Slack blogger's preface:
2012 has ended, and I come to you, dear readers, with hat in hand. It seems that I accidentally, unintentionally, mindlessly forgot to post for two whole months. (Oops.) Not quite the way to build up my readership, huh? To make reparations, I give you two posts in a 48-hour period. (I hope this will be welcome news.)
To begin with, I should probably explain the reasons behind my silence. These past couple of months have been challenging and saddening for Danielle and I, and I did not know how to write about them without morphing into Debbie Downer with a keyboard. I wanted to share our story in case it could provide comfort to other couples also experiencing the monthly grief cycle that is infertility. Yet, I wanted to avoid self-indulgent navel gazing. No one wants to read about my forays into self-pity. (Besides, I can't remember the last time I cleaned my navel. I could have been headed for some pretty crusty territory.)
In a nutshell, our recent and more aggressive attempts to conceive a child were unsuccessful. The last try was the most devastating because it seemed so promising. Danielle was one tough cookie, mixing her hormone doses and giving herself injections each night leading up to the insemination. She even did one round of injections in the ladies room of a Carrabba's Italian Grill. (Personally, I think that should be the restaurant's new slogan. Carrabba's: With bathrooms roomy enough to mix and administer your hormone injections! It'll catch on.) This cycle, Danielle had five- count 'em- FIVE mature eggs, and the doctor was very concerned about the chance of multiples. (As opposed to my reaction of, "Cool. I can quit my job and stay at home with the triplets." I am partial to any kind of work that does not necessitate my ever leaving the house.) We made jokes about BOGO babies and how we never do anything in moderation. When the time came for the insemination, the doctor said our timing was absolutely perfect, neither too soon nor too late. We somewhat prepared ourselves for the possibility that the try wouldn't be successful, but come on: with odds like that, how could it not work?
While we waited the nerve-wracking two weeks between insemination and pregnancy testing, we did all the things expectant parents might do- brainstormed how we might tell our family and friends about the pregnancy, reaffirmed our commitment never to make special, alternate dinners for our children (If we are eating broccoli gratin, then they are eating broccoli gratin. They do not have an inalienable right to chicken nuggets and tater tots.), and discussed baby names. We prayed, held our breath, and remained cautiously optimistic.
With the good timing and quintuplet eggs in our favor, we were understandably shocked and shaken to the core when we discovered we were not pregnant. We have grieved over each failed attempt, but this time brought on a whole new kind of mourning. For days after the news, it took a lot of urging just to get out of bed. The simple act of lifting my feet from the bed to place them on the hardwood seemed unimaginable. I have a slight frame, but suddenly my legs were heavy loads of bricks. Numbness got me through my days, and sobbing carried me through the nights. While I cannot speak for Danielle, I feel fairly confident her experience was the same but worse. (See? I wasn't kidding about the Debbie Downer thing.)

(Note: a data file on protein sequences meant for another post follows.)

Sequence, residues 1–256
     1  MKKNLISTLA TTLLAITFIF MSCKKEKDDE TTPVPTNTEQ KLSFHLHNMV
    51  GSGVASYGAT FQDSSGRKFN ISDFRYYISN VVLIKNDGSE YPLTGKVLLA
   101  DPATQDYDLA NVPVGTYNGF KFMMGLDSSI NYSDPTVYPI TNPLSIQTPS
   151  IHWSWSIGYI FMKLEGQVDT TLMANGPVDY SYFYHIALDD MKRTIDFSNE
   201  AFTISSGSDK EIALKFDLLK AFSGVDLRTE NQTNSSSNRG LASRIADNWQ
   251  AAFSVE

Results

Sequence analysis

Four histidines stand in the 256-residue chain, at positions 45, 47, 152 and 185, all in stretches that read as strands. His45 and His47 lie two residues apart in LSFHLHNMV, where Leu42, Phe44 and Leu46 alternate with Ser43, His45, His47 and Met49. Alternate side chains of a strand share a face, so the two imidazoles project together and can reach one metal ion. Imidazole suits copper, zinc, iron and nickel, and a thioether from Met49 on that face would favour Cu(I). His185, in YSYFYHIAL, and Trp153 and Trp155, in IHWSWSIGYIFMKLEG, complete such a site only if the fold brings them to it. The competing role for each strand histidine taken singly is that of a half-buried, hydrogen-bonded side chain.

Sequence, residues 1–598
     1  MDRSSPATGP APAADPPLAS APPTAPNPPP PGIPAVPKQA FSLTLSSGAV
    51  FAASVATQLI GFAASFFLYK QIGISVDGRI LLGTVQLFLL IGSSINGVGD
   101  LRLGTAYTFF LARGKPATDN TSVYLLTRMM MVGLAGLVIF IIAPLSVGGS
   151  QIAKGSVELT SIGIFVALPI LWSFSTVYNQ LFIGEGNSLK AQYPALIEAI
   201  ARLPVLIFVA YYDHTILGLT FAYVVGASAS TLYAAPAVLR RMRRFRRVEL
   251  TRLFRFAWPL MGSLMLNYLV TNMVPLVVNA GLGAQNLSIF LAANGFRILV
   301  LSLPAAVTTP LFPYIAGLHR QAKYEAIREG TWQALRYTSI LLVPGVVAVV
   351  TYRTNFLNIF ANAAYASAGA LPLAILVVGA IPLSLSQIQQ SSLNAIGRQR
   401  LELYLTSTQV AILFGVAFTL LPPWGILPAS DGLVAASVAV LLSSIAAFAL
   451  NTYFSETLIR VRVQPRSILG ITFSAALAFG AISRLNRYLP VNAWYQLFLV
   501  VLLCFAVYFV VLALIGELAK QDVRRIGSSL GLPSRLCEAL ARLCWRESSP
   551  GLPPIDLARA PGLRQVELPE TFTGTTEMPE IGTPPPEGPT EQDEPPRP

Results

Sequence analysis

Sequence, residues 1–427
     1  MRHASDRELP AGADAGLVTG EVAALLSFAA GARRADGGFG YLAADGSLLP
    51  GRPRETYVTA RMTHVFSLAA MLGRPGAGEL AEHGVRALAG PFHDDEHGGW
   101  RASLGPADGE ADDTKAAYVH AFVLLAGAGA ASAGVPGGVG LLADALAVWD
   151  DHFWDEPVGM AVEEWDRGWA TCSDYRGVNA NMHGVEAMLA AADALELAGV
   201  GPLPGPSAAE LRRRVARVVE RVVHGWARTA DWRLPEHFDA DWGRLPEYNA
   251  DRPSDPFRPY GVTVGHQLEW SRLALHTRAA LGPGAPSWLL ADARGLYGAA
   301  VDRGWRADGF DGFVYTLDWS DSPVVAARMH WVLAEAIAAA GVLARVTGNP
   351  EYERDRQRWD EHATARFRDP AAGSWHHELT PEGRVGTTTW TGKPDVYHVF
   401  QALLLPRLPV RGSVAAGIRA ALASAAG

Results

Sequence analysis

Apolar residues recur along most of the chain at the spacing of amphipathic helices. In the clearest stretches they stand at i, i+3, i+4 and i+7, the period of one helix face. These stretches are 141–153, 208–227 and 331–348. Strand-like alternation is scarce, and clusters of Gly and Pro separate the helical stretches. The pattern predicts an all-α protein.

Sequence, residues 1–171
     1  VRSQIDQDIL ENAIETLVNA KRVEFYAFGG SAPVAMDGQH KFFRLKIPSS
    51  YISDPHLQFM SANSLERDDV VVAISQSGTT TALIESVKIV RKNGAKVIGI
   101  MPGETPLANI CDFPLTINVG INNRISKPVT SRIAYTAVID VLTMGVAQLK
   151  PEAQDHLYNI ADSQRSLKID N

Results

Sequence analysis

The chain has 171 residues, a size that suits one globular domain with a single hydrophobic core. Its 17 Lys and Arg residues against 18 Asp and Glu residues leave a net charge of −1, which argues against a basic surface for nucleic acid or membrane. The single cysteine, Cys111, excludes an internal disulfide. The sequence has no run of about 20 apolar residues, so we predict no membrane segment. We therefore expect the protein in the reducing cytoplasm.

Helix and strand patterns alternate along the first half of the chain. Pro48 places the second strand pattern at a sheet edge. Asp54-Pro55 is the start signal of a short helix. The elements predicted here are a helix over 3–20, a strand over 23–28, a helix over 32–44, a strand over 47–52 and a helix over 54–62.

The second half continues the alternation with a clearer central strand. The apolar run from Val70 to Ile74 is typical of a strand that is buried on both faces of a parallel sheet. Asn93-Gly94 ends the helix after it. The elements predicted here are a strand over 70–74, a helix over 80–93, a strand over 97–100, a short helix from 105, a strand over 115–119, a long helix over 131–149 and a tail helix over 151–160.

Still, they say time heals all wounds, and while I wouldn't say that we have totally healed, the pain less like an all-consuming, splitting migraine and more like a deep bruise: sore and tender each time it's touched but otherwise fairly benign. These days, that's progress.
Going through such a cripplingly sad time and moving toward the proverbial light at the end of an utterly interminable tunnel was all made easier because of my remarkable wife. I'm no Time magazine or anything, but she is most definitely Woman of the Year in my book.
Through all of the difficulties of 2012, Danielle has been an absolute marvel to watch. Even without having children, she has been the consummate mama lion, going straight into battle for her kids. Her sacrifices range from the simple hardships of giving up caffeine and alcohol to the uncomfortable and inconvenient tasks of subjecting herself to bi-monthly ultrasounds and self-administering powerful hormone injections for several nights in a row. When the first several inseminations did not produce a pregnancy, she underwent a painful procedure to check to see if her tubes were blocked. (They were not.) Upon finding out that eating fresh pineapple might help to promote implantation of a fertilized egg, Danielle faithfully ate the fruit for days on end following each insemination. I doubt she will crave the taste of pineapple ever again. She has taken prenatal vitamins for two years straight, practiced yoga and mindfulness for relaxation, and added fertility-friendly foods to her diet. On top of all this, she has taken on part-time jobs to help offset the cost of each IUI procedure.